Throughout his narrative in Joseph Conrad's Heart of Darkness, Charlie Marlow has a chance to encounter the indigenous peoples of Africa. Marlow sees them as poor, devastated savages or in other words, the Other, using many racial and degrading terms to describe the appearances of these local people. These horrifying, cruel depictions of the black Congolese coming from Marlow reveal to readers that the cultural and racial biases of colonialism create a sense of dehumanization.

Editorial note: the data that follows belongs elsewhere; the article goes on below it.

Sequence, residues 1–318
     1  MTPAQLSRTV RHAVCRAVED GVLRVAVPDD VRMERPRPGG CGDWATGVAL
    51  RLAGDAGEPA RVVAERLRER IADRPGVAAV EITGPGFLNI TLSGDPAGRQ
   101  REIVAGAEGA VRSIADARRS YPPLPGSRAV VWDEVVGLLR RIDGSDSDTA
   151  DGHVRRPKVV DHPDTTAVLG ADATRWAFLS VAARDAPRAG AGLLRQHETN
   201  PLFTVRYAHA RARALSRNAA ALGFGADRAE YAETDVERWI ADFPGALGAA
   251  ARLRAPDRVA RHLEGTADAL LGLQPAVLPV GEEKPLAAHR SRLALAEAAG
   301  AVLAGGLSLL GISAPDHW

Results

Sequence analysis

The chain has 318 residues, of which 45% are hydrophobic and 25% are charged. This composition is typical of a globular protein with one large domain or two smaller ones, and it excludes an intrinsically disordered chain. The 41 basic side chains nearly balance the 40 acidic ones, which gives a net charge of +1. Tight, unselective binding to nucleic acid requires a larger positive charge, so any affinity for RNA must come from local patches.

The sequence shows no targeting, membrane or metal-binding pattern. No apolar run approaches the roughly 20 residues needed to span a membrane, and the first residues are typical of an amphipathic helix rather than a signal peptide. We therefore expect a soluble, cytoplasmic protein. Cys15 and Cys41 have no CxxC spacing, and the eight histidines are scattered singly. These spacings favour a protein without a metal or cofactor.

Conrad describes Africa through the perspective of Marlow who tend to depict all the natives as savages. Many existing elements align themselves with colonialist discourses of savagery and brutality, particularly its representations of black African characters. The Congolese are primarily figured in relation to their bodies and physicality. One of the primary representations of black characters in the novel is their characterization as embodiments of the wilderness. The first recognition of this embodiment is the ways in which the Congolese are personified as "a treacherous appeal to the lurking death, to the hidden evil, to the profound darkness of its heart" (Conrad 33) and their faces as the face of a gloomy forest. In these descriptions, the wilderness is placed together with words such as evil and death, despair and gloom, locating it as not only the enemy, but also as a site of death for anyone who enters it. The Natives who embody it, on the other hand, are considered "dead in the center" (Conrad 15). To Marlow, these people are living dead and, of course, not fully human. They are considered traitorous creatures that are gradually becoming the symbol of darkness and beginning to betray their masters – the Europeans. If the wilderness is given physical features, it is also given the capacity for human sound: "The bush began to howl" (Conrad 45) and "The tumult of angry and warlike yells was checked instantly and then from the depths of the woods went out such a tremulous and prolonged wail of mournful fear and utter despair" (Conrad 46).